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It’s Not the Last Straw at UAlbany

By Amanda Alvarez


A straw in a cup from the Campus Center (Richel Boroh / ASP)

Plastic straws remain widespread at vendors in the Campus Center despite an apparent ban that went into effect last May.


Plastic straws, which along with other single-use plastics are a main source of pollution since most plastics are not biodegradable. Many of these plastics end up in wildlife habitats which ultimately pose a threat to plants and animals. Within the variety of dining locations in the campus center such as Nikos, Star Ginger, and SubConnection, to name a few all have displays of plastic straws that are readily available for anyone to grab.


The University Auxiliary Services, Sodexo, student affairs, and the Office for Sustainability all oversee projects such as the removal of plastic straws.


“I am not happy about the situation, I have reached out to UAS and other university officials to inquire into the matter,” said Grace McGrath environmental activist and the student who pushed for the ban. McGrath was under the impression that straws were no longer going to be available.


According to Director of Sustainability Mary Ellen Mallia the ban last May was not really meant to be a blanket ban.


Straws sit on a counter in the CC (Richel Boroh / ASP)

“We were cautious about using the term ‘ban’ at the time of the decision but the term was used to describe the action and the vernacular stuck,” she said. “The main goal of the action was to eliminate straw use as much as possible.”


In an April of 2019 article in the Times Union, a month before the incentive was meant to take place, Mallia, told the Times Union “there won’t be plastic straws available.”


Executive Director of UAS Stephen Pearse, says that the conflict with eliminating plastic straws is the discrimination against those with disabilities. Compostable alternatives to plastic straws had been considered by Sodexo and UAS, but the Disability Resource Center said the alternatives weren’t acceptable because some people are allergic to these materials.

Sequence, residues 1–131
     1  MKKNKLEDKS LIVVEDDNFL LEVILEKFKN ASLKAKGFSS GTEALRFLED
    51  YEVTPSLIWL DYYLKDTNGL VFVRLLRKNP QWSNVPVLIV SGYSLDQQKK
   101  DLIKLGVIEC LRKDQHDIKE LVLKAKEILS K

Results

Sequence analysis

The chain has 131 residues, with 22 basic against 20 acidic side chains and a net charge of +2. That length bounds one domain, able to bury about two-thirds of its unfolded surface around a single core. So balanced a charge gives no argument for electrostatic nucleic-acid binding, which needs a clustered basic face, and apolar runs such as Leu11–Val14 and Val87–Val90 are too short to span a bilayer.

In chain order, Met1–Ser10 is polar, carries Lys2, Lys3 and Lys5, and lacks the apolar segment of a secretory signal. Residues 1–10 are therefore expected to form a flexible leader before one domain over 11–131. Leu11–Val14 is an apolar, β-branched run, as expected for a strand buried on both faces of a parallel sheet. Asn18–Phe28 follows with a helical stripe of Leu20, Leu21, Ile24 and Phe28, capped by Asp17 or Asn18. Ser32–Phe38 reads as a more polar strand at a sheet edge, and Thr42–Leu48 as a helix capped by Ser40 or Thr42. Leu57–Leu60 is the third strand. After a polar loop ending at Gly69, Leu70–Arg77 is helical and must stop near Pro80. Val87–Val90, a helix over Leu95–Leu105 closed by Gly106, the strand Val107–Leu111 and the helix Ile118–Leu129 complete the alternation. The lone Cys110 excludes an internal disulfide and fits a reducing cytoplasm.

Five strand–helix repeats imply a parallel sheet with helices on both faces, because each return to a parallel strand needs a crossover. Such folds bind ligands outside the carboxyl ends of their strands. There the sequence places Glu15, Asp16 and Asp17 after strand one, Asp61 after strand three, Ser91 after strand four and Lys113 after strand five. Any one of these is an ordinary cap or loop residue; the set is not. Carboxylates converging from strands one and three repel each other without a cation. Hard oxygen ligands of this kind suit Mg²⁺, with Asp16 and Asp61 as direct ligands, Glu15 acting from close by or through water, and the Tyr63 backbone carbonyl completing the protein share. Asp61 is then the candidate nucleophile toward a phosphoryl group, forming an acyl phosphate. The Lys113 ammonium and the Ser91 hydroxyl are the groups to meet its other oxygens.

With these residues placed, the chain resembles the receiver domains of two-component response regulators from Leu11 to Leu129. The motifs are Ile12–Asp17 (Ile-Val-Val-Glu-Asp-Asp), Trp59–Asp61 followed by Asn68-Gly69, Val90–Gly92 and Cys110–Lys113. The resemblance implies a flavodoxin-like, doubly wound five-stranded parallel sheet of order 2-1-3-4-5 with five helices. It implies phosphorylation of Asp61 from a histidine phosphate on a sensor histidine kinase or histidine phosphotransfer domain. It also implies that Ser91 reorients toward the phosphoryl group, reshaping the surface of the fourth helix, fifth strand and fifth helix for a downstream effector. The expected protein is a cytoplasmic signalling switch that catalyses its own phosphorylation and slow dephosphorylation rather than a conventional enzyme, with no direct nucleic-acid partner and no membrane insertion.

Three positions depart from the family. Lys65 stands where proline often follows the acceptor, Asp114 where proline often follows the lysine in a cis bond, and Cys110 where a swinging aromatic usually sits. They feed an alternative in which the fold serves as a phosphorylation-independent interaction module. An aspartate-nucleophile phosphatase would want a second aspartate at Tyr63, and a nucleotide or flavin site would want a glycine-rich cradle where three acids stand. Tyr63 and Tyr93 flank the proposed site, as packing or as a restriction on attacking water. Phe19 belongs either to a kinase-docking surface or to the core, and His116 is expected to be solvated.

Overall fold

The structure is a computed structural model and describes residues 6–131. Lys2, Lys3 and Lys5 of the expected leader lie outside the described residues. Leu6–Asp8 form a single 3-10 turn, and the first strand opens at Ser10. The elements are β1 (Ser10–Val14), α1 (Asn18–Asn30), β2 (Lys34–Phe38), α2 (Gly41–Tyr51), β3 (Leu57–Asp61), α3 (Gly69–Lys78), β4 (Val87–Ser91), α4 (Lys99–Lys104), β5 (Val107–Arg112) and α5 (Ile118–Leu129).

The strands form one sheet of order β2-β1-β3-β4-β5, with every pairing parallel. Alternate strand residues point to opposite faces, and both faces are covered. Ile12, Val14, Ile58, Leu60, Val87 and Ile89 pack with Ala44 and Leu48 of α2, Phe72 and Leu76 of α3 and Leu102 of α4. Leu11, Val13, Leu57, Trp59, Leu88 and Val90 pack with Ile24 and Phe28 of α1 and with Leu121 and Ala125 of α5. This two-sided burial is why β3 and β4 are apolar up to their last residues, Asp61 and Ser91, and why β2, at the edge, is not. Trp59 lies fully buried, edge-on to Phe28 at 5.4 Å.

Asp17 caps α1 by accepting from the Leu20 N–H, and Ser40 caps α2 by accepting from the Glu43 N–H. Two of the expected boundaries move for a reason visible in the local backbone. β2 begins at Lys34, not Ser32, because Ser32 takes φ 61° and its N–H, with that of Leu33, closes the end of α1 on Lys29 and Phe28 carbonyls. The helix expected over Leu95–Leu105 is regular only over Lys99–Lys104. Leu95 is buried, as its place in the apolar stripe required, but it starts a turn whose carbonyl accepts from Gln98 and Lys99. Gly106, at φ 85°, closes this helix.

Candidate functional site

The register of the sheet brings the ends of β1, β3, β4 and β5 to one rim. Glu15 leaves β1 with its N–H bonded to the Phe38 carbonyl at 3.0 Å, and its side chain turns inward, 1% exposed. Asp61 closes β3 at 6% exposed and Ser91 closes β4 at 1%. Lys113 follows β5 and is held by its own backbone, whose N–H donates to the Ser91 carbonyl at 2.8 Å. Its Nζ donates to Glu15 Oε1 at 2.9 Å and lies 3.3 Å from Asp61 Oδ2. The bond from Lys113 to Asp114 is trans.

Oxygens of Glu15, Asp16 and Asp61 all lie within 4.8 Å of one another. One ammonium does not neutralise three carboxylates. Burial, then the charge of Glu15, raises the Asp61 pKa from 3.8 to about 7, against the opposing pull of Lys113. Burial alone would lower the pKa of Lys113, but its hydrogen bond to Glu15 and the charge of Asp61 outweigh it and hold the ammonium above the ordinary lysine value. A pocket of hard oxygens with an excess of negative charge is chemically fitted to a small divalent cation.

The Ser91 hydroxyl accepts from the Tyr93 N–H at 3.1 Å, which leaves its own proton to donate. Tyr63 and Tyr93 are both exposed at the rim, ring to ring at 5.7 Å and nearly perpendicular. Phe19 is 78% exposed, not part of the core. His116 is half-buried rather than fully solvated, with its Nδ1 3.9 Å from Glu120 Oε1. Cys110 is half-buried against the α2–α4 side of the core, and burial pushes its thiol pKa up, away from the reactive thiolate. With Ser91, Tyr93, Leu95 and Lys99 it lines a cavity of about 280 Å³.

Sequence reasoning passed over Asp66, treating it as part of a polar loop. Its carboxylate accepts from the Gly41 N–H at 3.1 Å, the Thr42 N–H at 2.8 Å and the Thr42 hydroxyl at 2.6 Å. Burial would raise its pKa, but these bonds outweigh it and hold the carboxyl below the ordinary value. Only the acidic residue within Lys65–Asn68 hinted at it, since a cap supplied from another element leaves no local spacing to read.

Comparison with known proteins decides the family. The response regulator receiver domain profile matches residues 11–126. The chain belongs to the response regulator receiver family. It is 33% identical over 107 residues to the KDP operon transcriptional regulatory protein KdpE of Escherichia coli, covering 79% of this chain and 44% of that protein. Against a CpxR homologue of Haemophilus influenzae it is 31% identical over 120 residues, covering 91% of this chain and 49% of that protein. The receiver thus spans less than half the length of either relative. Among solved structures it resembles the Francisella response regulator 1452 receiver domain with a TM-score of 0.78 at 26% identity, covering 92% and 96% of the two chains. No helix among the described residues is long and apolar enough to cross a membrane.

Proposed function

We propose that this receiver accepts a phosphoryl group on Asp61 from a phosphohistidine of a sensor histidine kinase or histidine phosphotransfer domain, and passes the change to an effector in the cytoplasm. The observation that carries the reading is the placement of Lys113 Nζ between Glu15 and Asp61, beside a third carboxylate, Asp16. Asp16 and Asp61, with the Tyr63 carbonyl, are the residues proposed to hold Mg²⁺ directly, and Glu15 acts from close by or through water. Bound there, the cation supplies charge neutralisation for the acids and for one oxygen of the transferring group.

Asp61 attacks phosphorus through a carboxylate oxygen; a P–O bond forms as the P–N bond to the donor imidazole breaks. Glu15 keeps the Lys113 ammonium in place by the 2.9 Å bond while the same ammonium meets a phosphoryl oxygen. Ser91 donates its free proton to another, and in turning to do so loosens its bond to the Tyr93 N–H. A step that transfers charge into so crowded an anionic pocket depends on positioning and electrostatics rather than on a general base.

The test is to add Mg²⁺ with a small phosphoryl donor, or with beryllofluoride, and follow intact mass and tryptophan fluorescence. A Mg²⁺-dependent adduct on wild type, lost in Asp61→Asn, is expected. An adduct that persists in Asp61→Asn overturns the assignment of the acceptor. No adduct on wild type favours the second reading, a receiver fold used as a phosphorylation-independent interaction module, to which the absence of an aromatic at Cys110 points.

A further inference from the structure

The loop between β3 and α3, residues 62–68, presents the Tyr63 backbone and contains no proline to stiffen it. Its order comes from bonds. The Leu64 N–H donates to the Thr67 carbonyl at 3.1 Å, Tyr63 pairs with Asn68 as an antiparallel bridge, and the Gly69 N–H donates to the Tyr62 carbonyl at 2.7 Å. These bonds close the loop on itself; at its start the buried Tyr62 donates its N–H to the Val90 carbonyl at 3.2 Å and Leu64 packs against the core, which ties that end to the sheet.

“I felt kind of stuck between these two situations, a worthy cause because it’s the right thing to do with what straws are doing,” says Pearse “ and also being sensitive to those who actually need a straw.”


In regards to the percentage of individuals with disabilities who may require a straw on campus is not summarized. Assistant Director of the Disability Resource Center, Carrie Snyder says “each person’s disability is different, and some flare up at different times, requiring accommodations one day and not the next.”


In a board meeting that took place last year in May before the initiation of the “ban”, a resolution was drawn up. According to Pearse because of the concern with those with disabilities straws would only be offered upon request. “The unfortunate thing is that almost everyone requests them, people don’t seem to be sensitive or care about it.”


But, a walk around the campus center indicates that straws are not available upon request, but readily available for anyone to grab, if not offered outright.


“Whenever I get a smoothie from the 518 Market they always give me a plastic straw with it,” said UAlbany student Neika Chery. “I didn’t even know there was a ban on plastic straws there’s never been an alternative like paper.”


“We’re selling less soda but we’re actually down about 70% in our straws,” Retail Manager for Sodexo Jeff Kurto said. “We were targeted last year at about 600,000 straws. To date, we’ve bought about 46,000 last semester which puts us just under 100,000 for the year. So we’re seeing a pretty good reduction.”


He also says that there are still alternatives being considered such as sippable lids for the Pepsi cups which may be implemented next Fall.


Straws on a counter in the CC (Richel Boroh / ASP)

“One thing I’d really love to make clear is that we understand and embrace philosophically and conceptually what we’re trying to do,” says Pearse “we’re not blockers, it’s not because we don’t want to do it, it’s because we’re trying to be sensitive.”


As a scuba diver of over 40 years, Pearse has seen all the plastic sitting at the bottom of the ocean.


“For me it’s heartbreaking, I just want to make it clear again that we understand,” he said.


Pearse and Kurto agree that if plastic straws were banned by Albany County the way plastic bags are banned starting March 1, it would be a lot easier to eliminate plastic straws as a whole. Until then, students are encouraged to practice eco-friendly behaviors in order to limit the production of plastic on campus.